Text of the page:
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It’s Thanksgiving, and you can’t wait to celebrate with your family. Pushing through the open front door, you expect to be warmly greeted. But instead, as you enter, a few family members glance up with half-hearted smiles. Others don’t even seem to notice you. As you sit down next to someone to catch up, he slides further away, and buries his nose in a book. As the feast is served, no one asks how you’ve been. They seem to ignore you. After the meal, everyone moves into the living room to chat, but everyone subtly shuts you out of the circle, leaving you standing there alone.

How would you feel? Hurt? Angry? Confused? Wondering what’s wrong with you, or what you did wrong? You’d probably leave, right? Wonder if you should ever come back? I mean, these people are your family! Why would they treat you like a stranger?

Maybe that puts us in a better place to understand what it feels like to belong to a church family, but feel totally disconnected from it. How it feels to come to church without receiving anything more than a courtesy “hello” from an usher. “But Pastor, that’s totally different!” Is it though?

Maybe you’ve noticed the phrase “A Family Growing in Christ” before. It’s everywhere, even on the front of our worship folders. It’s not intended to be a cute cliché, or catchy slogan. It’s meant to be our culture at Mount Olive.

That’s why we’re devoting this weekend, and all of September to an initiative called “Mount Olive, Connected.” The premise is simply to help encourage and equip the members of Mount Olive to connect more deeply with each other; to see and treat each other not as strangers or acquaintances, but to see and treat each other… as a family.

But here’s the million-dollar question. Why should we? I mean, most people today are trying to disconnect from other people. You can get groceries without leaving your car, and everything else from Amazon without venturing beyond your front door. You can easily come to church, sit by yourself, and duck out the side door without interacting with anyone. You could even watch the sermon online from your couch!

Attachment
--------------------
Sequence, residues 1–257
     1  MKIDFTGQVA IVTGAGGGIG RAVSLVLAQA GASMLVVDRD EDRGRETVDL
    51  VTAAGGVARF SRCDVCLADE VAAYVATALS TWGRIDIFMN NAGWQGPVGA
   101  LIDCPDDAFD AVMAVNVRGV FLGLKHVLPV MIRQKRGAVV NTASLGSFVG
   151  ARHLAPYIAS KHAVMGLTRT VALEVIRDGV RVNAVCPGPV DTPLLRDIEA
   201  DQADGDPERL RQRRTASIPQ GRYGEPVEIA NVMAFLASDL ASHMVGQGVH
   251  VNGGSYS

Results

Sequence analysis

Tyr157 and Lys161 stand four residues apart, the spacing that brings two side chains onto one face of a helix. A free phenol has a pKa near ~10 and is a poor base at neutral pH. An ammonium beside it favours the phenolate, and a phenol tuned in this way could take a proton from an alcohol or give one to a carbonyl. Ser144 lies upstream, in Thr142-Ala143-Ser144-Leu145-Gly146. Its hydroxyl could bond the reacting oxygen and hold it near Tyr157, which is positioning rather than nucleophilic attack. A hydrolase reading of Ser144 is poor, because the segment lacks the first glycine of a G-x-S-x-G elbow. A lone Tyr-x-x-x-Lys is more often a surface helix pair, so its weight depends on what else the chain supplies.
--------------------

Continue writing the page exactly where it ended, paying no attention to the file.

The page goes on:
But as convenient as that might be, is it good for us? In a world growing increasingly disconnected, it’s increasingly important that church members remain connected. Because being A Family Growing in Christ is vitally important for our spiritual health, and I want to show you why.

In many ways, the early Christians we meet here are the picture of a spiritually healthy “family.” Although the entirety of the Christian church, about 3,120 people, was about twice as large as our Mount Olive family, note three ways they express familial love to each other.

First, they gathered together for public worship. “They devoted themselves (basically, they clung with a death grip) to the apostles’ teaching and to the fellowship, to the breaking of bread and to prayer.”  They gathered together to hear the Apostles teach what Jesus taught them. They gathered to feast on the Lord’s Supper that Jesus instituted. They prayed together as Jesus taught them. Worshiping together was such a priority that “every day” they continued to meet together in the temple courts. Who else do you spend time with every day besides your family?

Secondly, these Christians treated each other like family, by showing sacrificial servant love to each other. We’re told, “All the believers were together and have everything in common. Selling their possessions and goods, they gave to anyone as he had need.” Can you even imagine that? Willingly giving away anything you own, without asking anything in return. Selling a nice piece of property not to pocket the money, but to put that money into a fund which is distributed to those in need. Literally, you don’t benefit. Only the others benefit. Sounds like something people would only do… for family.

Thirdly, these Christians didn’t just worship together. You might say they “did life together!” They daily spent time together in the temple, but they also daily “broke bread in their homes and ate together with glad and sincere hearts.” Imagine the loving connections that grew between those Christians as they gathered around each other’s kitchen tables; learning each other’s stories, hopes, fears, and challenges to build deeper connections. Gathering to spend time together around the table… like a family.

Sounds like a pretty beautiful, loving family to belong to, doesn’t it?  Think how deeply they cared for and loved each other! But I’m not just showing you these Christians today to give you church envy. I think there are vital takeaways from these Christians’ example that can better equip us to be a Family Growing in Christ.

First, we need to worship together. There’s a reason those Christians were devoted to worship as their first priority. There’s no better way to grow closer together than to grow closer to Christ and stronger in faith, together.

But it’s also important for us to spend time together outside of worship. Those Christians clung tightly to daily public worship, and rightfully so! But they also clung tightly to the practice of daily spending time together in their homes. Why? As they worshiped together, their faith and love for God grew. And as their faith grew, so did their unity and desire to love their fellow believers. Spending time together outside of worship also strengthened their love and connection with each other. And the more connected they became, the more they saw and treated each other as family.